Supercells in Massachusetts

A composite image of two separate supercell thunderstorms earlier today.

Multiple supercell thunderstorms moved through central and eastern Massachusetts this afternoon. Some of the storms prompted tornado warnings and there were multiple significant severe weather reports as a result. Some of the thunderstorms originated as far west as eastern New York and later reached peak intensity as they moved into portions of central and southern New England. Even the coastal community of Boston was hit with some regionally impressive severe weather.

The prelude to these afternoon storms actually came in the form of early-day severe storms this morning. A line of severe wind-producing thunderstorms affected portions of southeastern Connecticut, Rhode Island and Cape Cod. An area that does not often see severe weather, especially during the morning hours. Once those storms moved out, there was some clearing, which led to plenty of daytime heating to fuel another round of thunderstorms.

mlcape

2 p.m. mesoanalysis shows 1000-1500+ J/kg MLCAPE and locally backed winds in eastern Mass.

By early afternoon, there was an area of moderate to strong instability developing across the eastern half of Massachusetts, coinciding with seasonably strong wind shear. The mesoanalysis showed a corridor of moderate buoyancy coinciding with more than adequate wind shear for supercell thunderstorms. Bulk wind shear was in excess of 50 knots across the region. With clusters of thunderstorms ongoing across portions of the area, the storm mode was going to be critical in the evolution of the event. If storms merged, lines would form, suggesting more of a damaging wind threat. If the storm mode was messy, the inflow region and overall environment could be disrupted, resulting in mainly sub-severe storms. However, if any storm could remain discrete and from on the southeastern fringe of the activity, in order to take better advantage of stronger instability, then things would become a bit more interesting.

A 1:43 p.m. radar image of splitting thunderstorms in Massachusetts.

Two thunderstorms began to split in northern Worcester County shortly before 2 p.m. The northernmost storm tracked east-northeast into far southern New Hampshire. This storm merged with surrounding storms and did not strengthen much. The southern storm took a bit of a right turn and continued in a generally eastward direction. This cell moved through northern Worcester County, organizing quickly into a robust supercell. Velocity and hail signatures increased, indicating the likelihood of 1-2″ diameter hail. This storm further organized with rotation becoming more focused. A hook was noted on radar and a Tornado Warning was issued. The storm continued into northern Middlesex County, dropping more large to significant hail, but the velocity signature was marginal at best for tornadic development. The main story was hail.

Speaking of hail, a second supercell developed on in west-central Worcester County a short time later. This storm was semi-discrete, but remained that way for quite some time. It also dropped large hail and continued for two more hours, moving right through downtown Boston. Large hail was reported throughout portions of the city and surrounding areas. Overall, there were numerous reports of golf ball or larger hail across Massachusetts, with at least three confirmed reports of hail at least two inches in diameter. A few additional discrete storms developed later in the afternoon, but earlier storms had overturned the atmosphere a bit. These storms were generally strong to only marginally severe in nature.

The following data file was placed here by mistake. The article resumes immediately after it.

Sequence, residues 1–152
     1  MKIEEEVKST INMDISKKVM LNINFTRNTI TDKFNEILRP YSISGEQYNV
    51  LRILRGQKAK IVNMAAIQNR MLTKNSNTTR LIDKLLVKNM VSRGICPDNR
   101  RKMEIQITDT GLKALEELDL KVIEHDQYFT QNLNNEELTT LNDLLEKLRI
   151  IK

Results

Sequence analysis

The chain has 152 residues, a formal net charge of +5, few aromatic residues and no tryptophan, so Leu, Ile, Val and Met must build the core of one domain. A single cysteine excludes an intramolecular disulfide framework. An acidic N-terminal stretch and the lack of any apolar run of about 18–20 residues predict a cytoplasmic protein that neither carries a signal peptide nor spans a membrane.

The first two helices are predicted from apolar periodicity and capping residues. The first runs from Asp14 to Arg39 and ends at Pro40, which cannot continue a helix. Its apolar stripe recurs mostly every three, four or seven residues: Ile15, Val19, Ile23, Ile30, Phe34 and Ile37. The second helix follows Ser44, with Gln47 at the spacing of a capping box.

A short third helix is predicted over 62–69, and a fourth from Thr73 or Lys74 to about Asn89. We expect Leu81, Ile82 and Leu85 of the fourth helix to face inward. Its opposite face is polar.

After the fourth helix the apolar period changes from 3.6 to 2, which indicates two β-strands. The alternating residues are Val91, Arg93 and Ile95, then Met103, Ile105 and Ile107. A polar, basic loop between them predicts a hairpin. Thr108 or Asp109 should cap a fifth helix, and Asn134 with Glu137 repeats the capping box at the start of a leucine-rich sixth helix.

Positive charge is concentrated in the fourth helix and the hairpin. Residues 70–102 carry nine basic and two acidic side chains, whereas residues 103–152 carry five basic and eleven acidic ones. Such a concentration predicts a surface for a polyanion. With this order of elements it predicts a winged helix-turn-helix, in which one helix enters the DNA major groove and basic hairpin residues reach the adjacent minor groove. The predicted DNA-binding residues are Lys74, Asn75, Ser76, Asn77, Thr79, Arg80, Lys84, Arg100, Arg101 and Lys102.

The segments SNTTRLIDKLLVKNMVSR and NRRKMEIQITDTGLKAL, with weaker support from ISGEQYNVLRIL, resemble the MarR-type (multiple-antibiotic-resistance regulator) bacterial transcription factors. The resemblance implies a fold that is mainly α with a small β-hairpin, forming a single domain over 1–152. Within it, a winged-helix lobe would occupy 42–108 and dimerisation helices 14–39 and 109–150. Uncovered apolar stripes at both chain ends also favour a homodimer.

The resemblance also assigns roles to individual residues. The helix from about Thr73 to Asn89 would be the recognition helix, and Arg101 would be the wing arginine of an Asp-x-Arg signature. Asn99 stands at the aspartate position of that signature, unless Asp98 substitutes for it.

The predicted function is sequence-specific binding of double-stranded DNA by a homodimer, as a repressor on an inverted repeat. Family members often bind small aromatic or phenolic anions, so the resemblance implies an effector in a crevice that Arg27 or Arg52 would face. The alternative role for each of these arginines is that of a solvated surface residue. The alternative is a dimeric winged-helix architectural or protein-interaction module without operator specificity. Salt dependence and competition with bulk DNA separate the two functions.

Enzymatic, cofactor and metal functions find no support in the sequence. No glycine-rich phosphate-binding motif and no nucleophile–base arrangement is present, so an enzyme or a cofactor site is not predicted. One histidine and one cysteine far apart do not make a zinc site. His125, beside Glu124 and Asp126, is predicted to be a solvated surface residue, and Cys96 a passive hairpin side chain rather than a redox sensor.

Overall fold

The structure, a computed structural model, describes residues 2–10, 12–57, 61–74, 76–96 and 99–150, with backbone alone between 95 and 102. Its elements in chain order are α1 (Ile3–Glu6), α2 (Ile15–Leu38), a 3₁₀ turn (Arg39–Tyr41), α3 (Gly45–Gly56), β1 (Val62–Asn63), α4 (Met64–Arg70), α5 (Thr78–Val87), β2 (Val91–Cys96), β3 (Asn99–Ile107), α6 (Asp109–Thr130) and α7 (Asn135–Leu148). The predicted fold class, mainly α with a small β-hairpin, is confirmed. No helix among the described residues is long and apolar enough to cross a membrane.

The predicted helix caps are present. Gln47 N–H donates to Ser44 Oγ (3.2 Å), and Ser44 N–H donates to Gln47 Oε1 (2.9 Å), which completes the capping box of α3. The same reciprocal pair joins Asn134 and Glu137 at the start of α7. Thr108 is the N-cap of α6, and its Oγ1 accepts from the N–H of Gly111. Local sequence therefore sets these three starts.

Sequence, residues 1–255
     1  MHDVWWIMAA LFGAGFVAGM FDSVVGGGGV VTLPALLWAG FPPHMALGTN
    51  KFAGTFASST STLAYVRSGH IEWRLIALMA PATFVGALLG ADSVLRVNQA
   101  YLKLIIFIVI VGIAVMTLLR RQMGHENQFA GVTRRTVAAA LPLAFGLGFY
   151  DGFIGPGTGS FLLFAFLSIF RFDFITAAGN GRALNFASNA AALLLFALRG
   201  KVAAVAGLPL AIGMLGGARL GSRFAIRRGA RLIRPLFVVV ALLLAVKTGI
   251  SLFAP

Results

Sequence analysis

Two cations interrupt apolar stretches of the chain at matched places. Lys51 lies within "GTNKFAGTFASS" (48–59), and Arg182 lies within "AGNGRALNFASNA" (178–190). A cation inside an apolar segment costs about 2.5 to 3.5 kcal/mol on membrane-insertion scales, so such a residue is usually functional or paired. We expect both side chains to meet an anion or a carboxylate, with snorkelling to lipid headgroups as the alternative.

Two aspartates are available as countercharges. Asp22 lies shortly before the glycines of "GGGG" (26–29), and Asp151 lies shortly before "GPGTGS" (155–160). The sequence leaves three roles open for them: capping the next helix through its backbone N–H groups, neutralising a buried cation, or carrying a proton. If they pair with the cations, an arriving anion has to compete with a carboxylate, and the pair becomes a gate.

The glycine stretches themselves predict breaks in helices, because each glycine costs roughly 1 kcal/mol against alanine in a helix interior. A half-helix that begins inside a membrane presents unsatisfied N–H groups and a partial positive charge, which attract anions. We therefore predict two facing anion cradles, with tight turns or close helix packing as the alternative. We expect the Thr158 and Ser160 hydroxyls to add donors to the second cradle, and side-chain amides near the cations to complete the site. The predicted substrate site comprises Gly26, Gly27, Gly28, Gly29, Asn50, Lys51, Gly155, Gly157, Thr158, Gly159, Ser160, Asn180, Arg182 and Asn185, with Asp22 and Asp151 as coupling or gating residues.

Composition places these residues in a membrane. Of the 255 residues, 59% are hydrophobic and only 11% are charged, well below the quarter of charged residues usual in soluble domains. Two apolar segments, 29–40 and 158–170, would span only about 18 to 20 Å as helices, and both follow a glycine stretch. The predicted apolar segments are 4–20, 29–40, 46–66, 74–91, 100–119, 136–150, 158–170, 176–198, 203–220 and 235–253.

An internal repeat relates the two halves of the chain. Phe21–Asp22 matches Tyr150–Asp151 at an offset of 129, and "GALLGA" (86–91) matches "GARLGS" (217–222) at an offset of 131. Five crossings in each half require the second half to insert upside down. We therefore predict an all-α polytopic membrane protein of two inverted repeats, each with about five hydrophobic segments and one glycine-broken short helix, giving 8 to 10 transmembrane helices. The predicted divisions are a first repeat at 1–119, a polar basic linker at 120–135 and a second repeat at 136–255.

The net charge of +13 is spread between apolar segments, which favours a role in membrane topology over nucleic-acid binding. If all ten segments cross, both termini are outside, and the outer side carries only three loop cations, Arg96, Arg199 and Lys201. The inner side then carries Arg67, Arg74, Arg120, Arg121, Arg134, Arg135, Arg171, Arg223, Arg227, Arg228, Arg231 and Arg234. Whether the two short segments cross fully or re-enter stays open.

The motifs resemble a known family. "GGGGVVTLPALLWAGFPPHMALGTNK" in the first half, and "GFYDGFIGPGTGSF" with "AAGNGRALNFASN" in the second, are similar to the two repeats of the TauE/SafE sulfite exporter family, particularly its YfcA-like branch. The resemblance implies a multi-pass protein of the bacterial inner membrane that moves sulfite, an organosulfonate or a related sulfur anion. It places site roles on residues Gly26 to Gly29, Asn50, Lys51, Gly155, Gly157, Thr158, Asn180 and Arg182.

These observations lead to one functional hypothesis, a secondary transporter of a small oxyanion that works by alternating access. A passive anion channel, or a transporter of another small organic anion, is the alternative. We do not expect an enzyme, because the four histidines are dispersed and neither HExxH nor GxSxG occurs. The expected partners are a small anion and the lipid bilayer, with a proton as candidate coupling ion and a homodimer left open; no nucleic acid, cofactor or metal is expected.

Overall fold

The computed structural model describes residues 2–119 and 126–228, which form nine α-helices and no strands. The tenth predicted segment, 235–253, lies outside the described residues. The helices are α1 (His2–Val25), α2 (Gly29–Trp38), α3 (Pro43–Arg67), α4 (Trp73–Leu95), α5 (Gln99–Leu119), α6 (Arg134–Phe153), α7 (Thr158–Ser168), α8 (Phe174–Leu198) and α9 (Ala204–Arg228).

sig_hail

SPC significant severe reports with significant hail instances in eastern Massachusetts circled.

No tornadoes have been confirmed as of 10:00 p.m. Although there was some localized backing of low-level wind fields, the lack of favorable low level helicity was a limiting factor in the tornado potential. Nonetheless, a fairly uncommon significant hail event affected the eastern half Massachusetts, an area that based on a 1980-2006 average, only reports significant hail once every 6.75 years. This is based on four reports across all of eastern Massachusetts, during the time. While there were four significant hail reports in that 27 year span, there were three such reports this afternoon alone. Keep in mind that the time of record is relatively short, as reports from 2007 to this year were also not included.

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Quincy

Quincy is a meteorologist and storm chaser who travels around the country documenting and researching severe weather. He has on-air experience with stations such as WTNH-TV in New Haven, CT and WREX-TV in Rockford, IL. He was most recently a digital meteorologist for weather.com.

After achieving his B.S. degree in Meteorology at Western Connecticut State University (WCSU) in 2009, he returned as a University Assistant to help produce weather broadcasts. He also gave guest lectures and worked on website design.

He has over nine years of professional weather forecasting experience and his forecasts have been featured in newspapers and on radio stations in multiple states.

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